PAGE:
On the other hand, if you look in Google News and contact the author of a recent piece that?s dead-on relevant to your client?s industry and say (essentially), ?Hey, please feel free to use me as source next time you do a piece on such-and-such,? your batting average will be much better. Likewise if you find an online mention (linked or unlinked) of your client, and contact the person who mentioned him/her and say, ?Thanks for the mention - please let me know if there?s some way I can contribute now or in the future.?

That kind of ?warm? outreach works best, in my experience.

In terms of less-outreach-based link opps, I?d recommend ?dummy links? and sponsoring local causes.
 

DanLeibson

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Unlinked brand mentions can give a YUGE return depending on the business.
 
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Marc Nashaat

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So speaking of links. How many hours/money would you say is a good budget monthly for a link building campaign? I know typically good link building is expensive and I was talking to a client the other day who wanted to understand why and I told her that it was because it's done in stages, all of which take several hours and it's not until the 3rd stage where you actually see results.

These are the 3 stages I described

1. Coming up with the idea - finding a good piece of content to create, doing the research on why anyone would care to link to it, why it's better than what is out there etc.

2. Creating the thing that needs to be linked to (whether this is an article, page, study, survey, infographic etc)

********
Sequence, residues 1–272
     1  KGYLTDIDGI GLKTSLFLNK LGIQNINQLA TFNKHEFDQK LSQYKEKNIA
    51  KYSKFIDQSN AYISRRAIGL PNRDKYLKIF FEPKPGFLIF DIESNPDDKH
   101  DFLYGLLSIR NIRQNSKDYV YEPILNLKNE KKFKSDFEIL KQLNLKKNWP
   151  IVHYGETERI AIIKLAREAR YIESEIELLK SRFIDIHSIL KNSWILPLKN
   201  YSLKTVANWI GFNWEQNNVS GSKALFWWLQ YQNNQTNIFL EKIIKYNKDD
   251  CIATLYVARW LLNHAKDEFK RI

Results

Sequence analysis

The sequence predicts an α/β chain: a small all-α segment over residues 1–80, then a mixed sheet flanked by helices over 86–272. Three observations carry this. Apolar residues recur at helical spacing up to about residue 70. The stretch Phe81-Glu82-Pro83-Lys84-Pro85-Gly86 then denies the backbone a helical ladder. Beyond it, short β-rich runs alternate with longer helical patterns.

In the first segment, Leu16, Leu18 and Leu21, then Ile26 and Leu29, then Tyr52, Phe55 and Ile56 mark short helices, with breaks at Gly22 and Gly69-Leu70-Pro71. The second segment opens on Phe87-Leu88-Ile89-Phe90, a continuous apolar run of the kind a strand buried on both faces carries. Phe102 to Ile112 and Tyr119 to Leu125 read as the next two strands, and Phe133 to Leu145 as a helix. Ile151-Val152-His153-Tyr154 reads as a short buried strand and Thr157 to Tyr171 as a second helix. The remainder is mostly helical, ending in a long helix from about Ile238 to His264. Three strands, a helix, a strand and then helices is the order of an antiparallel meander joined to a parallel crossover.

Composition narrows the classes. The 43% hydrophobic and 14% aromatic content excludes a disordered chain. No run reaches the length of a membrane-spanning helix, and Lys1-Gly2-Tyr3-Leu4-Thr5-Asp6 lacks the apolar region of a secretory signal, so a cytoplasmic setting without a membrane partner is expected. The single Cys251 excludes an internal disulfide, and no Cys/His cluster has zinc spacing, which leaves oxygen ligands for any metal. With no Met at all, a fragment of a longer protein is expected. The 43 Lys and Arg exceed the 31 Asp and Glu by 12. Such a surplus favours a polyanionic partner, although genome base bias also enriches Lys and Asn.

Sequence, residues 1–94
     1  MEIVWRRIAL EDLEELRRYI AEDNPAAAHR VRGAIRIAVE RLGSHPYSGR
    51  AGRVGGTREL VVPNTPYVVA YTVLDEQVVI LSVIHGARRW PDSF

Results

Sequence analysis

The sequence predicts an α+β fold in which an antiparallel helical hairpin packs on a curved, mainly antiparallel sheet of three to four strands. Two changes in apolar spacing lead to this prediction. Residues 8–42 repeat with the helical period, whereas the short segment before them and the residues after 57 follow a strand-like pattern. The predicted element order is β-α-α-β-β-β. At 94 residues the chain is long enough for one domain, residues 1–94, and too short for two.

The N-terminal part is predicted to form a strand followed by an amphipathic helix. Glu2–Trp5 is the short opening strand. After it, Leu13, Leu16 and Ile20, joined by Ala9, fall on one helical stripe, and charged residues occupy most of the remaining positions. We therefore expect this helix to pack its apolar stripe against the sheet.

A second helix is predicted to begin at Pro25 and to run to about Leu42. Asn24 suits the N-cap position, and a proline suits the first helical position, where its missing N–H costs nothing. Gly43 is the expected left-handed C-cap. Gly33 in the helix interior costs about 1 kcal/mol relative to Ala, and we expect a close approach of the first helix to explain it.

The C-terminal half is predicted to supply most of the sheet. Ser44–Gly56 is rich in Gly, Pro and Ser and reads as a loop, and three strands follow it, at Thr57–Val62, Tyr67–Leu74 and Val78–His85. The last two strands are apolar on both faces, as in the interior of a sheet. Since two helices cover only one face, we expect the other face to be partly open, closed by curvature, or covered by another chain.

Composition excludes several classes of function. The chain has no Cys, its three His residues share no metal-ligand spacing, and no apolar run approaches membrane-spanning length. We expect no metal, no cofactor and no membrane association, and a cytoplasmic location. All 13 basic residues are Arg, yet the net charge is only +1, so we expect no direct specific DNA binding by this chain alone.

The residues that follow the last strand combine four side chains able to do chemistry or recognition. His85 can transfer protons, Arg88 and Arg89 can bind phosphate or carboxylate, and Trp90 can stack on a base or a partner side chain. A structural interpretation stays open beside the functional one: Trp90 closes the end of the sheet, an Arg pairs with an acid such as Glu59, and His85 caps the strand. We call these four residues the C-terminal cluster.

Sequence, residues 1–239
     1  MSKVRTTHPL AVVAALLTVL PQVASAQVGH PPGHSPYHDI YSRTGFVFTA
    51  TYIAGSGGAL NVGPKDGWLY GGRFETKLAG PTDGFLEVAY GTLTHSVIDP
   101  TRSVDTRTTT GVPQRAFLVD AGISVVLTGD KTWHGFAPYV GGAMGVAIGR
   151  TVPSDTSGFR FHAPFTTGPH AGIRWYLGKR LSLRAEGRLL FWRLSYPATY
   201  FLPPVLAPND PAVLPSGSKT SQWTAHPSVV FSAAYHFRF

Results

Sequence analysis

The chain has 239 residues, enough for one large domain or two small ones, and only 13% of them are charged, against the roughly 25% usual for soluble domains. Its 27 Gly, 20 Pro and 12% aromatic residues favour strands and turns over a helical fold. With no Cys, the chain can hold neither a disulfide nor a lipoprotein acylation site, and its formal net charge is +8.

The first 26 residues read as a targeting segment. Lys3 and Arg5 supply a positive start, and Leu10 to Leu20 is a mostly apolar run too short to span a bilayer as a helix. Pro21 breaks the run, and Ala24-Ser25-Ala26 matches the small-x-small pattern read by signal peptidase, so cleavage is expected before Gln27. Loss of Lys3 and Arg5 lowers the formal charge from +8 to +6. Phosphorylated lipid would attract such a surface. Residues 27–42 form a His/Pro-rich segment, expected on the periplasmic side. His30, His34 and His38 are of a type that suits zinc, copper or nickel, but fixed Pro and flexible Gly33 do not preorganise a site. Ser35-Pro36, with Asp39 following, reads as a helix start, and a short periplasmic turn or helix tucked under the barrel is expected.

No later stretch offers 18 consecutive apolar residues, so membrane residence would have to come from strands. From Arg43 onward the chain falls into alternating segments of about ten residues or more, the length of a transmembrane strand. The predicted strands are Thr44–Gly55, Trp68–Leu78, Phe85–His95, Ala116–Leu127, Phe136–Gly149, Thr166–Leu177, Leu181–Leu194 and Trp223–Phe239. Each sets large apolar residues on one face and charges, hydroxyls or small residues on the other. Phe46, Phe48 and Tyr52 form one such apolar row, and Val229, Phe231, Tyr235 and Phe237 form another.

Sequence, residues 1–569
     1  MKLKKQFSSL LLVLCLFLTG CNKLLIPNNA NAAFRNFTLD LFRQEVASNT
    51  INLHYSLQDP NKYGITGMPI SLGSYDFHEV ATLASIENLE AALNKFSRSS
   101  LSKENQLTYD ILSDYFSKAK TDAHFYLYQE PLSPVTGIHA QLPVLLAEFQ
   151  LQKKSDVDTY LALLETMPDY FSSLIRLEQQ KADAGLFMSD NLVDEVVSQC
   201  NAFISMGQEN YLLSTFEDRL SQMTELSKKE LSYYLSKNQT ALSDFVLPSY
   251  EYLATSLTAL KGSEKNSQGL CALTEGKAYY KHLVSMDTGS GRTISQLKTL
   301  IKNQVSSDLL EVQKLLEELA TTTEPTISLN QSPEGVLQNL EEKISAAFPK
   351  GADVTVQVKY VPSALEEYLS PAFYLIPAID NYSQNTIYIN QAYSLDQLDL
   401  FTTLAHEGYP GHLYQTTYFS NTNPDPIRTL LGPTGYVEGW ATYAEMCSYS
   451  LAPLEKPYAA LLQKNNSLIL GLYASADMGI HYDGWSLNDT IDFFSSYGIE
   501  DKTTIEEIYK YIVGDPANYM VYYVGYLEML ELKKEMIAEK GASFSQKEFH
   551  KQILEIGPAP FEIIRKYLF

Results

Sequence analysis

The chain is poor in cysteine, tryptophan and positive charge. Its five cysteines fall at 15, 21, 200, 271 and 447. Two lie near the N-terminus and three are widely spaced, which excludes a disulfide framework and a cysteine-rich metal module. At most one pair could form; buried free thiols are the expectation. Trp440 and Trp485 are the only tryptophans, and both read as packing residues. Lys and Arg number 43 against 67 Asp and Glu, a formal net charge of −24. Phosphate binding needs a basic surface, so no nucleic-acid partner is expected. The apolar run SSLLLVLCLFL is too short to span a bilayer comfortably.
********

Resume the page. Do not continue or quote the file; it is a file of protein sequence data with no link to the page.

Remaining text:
3. Reaching out to people to link to it.


So I'll throw in a second question. Along with how much you think a good budget is (we bill by the hour so money = time), how many people would you say you have to outreach to to make a link building campaign successful?


These are all very generic questions and I realize it varies based on specifics, I just figured the link-lovers like Cody and Dan might have some great insights ;)

Hey Joy! My two cents for what they're worth:

[FONT=Verdana, Arial, Tahoma, Calibri, Geneva, sans-serif]I know this sounds cliche but totally agree with Dan, it's really dependent on the client, industry and keywords you're trying to optimize for. I also agree that this is a topic for conversation and rather difficult to lay out in a forum post (but I'll try!)

I lead the link building and PR team here at Powered by Search and every one of our client's retainers are customized according to their required keyword scope. For us, budget scoping starts at the keyword research stage - once we've identified the priority keywords we can scope out not only on page/content requirements but also link requirements as a factor of keyword competition and current position.